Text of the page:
I searched the forum but I couldn't find any longer post on the first women rabbi. So I thougt that I could Post these facts about her on this forum.
I would also like to know how the jews look at her?
Asenath Barzani, (1590-1670), was a renowned Jewish-Kurdish woman who lived in Mosul, Iraq. She was among the very first Jewish women in history to become a Rabbi. She was the daughter of the illustrious Rabbi Samuel Barzani. She belonged to the mystical school of Kabbalah.
The Life of Rabbi Asenath
Until the modern era, very few women were given the title of "Rabbi". But sometimes a womanâ€™s wisdom and learning were so exceptional that this title was given to her. After Rabbi Barzani died, many Jews made pilgrimages to her grave in Amadiyah in Iraqi Kurdistan. Rabbi Asenath was the daughter of Rabbi Samuel Barzani, who headed many yeshivas during his lifetime, and whose authority in Kurdistan was absolute. He was a master of Kabbalah, and he was said to have taught the secrets of Kabbalah to his daughter,Asenath. His daughter adored her father, whom she regarded as a king of Israel. He was her primary teacher, and after his death she took over many of his duties. Not only did Asenath serve as a rabbi, but she became the head of the Yeshivah of Mosul, and eventually became known as the chief teacher of Torah in Kurdistan. In another source, it is said that, "Asenath Barzani in sixteenth-century Kurdistan supplicates the Torah sages of Amadiya so she can support the yeshiva her husband established in Mosul until her young son could take over"(see ).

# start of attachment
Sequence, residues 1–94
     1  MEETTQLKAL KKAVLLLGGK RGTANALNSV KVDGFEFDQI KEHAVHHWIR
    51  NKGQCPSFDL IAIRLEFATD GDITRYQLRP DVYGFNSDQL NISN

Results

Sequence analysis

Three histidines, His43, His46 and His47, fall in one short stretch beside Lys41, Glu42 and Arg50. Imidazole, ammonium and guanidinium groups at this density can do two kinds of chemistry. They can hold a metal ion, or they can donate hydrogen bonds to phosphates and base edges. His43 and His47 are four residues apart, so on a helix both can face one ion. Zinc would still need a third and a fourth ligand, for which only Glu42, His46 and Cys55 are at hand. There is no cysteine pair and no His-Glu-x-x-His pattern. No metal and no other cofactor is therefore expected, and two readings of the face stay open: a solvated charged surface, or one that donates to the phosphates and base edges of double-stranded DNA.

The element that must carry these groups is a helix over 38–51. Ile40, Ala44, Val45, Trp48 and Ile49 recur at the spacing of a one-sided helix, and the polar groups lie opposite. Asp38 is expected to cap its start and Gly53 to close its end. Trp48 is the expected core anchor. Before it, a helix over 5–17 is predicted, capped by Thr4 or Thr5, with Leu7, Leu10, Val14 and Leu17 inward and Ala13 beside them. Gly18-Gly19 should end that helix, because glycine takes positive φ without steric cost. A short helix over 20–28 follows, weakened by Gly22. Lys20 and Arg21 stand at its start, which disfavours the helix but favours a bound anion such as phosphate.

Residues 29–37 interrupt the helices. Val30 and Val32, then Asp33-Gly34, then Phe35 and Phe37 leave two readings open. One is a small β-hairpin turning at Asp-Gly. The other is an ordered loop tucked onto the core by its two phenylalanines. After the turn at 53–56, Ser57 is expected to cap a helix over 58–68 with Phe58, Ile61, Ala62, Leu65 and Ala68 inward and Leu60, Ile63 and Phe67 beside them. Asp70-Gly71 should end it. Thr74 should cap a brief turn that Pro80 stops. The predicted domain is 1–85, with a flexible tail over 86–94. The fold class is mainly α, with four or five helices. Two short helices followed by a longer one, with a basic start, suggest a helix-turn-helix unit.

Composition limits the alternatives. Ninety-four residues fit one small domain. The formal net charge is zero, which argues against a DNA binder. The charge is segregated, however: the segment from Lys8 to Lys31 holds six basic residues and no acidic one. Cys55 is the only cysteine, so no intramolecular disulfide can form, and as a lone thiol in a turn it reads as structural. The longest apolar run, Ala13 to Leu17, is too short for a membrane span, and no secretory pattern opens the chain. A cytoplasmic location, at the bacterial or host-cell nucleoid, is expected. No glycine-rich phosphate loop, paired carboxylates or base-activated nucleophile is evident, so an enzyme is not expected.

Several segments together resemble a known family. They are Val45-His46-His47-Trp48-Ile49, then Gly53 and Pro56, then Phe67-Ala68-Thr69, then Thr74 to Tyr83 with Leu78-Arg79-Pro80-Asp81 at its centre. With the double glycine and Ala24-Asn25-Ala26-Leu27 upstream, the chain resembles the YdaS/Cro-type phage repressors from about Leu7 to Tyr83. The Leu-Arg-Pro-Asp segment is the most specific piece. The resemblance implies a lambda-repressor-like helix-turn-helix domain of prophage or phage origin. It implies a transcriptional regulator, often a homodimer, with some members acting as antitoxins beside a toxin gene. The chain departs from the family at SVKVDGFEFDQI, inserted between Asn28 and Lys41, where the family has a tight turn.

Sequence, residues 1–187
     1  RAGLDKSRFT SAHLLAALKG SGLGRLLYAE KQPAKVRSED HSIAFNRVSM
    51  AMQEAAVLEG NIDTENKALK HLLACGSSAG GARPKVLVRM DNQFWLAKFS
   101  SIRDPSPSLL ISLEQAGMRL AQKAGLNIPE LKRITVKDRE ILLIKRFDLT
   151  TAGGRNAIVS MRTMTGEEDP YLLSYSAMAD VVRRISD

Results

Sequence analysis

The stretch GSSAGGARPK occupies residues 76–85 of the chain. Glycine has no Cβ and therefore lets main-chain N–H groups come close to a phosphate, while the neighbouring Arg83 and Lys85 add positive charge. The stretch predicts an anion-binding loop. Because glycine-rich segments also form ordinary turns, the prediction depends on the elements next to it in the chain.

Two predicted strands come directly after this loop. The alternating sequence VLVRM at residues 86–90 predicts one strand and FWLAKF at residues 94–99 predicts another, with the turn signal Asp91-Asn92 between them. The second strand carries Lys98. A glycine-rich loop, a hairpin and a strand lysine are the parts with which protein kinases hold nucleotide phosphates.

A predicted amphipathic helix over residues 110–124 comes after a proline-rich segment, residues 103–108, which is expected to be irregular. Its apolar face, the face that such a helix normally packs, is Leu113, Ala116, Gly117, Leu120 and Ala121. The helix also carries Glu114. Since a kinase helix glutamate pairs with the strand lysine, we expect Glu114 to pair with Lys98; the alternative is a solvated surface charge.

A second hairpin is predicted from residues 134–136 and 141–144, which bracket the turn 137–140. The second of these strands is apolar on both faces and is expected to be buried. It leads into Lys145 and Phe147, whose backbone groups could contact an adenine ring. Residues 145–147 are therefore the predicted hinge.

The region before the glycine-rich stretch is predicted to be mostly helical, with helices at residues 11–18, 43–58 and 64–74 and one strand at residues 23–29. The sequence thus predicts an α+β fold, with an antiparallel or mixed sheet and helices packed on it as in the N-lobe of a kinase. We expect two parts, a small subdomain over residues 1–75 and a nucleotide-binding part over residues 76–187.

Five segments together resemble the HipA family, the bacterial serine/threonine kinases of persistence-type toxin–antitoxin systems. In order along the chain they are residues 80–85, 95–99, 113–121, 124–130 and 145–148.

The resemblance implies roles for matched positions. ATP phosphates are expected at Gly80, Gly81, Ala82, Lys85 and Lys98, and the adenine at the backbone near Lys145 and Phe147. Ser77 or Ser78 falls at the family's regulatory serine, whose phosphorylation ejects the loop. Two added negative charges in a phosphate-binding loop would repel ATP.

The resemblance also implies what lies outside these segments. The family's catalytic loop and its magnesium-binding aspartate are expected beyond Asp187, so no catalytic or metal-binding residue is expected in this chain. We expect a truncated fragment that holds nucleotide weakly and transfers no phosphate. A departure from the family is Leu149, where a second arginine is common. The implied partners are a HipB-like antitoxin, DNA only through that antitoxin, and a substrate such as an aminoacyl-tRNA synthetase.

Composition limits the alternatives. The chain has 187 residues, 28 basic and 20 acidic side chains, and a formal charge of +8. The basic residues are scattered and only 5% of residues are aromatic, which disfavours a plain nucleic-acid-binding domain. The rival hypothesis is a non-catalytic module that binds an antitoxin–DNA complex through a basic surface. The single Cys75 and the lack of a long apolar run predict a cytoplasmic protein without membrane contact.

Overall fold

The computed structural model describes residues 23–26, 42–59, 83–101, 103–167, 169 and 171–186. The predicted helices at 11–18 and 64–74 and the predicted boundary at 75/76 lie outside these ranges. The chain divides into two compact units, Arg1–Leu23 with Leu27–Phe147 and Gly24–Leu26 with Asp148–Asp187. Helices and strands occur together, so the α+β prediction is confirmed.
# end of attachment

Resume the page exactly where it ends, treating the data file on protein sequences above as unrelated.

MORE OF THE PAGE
A Flock of Angels
She was a poet and an expert on Jewish literature, and there are many Kurdish legends about the miracles she performed, such as the one described in â€œA Flock of Angelsâ€. After Rabbi Samuel died, he often came to his daughter in dreams. He would reveal dangers to her and tell her how to ward them off, saving many lives. On one occasion, inspired by her father, she encouraged the Jews of Amadiyah to celebrate Rosh Hodesh outdoors, despite dangers from their enemies. As they proceeded with the celebration, there were shouts and they saw flames shoot up into the sky. The synagogue had been set on fire! Thank God, no one had been inside it. At that very moment, Rabbi Asenath whispered a secret name, one that she had learned from her father. The people saw a flock of angels descending to the roof of the synagogue. The angels beat the flames with their wings, until every last spark had been put out. Then they rose up into the heavens like a flock of white doves and were gone. And when the smoke cleared, they saw that another miracle had taken place: the synagogue had not burned. Nor was a single letter of any of the Torahs touched by the flames. And they were so grateful to Rabbi Asenath that they renamed the synagogue after her, and it is still standing to this day.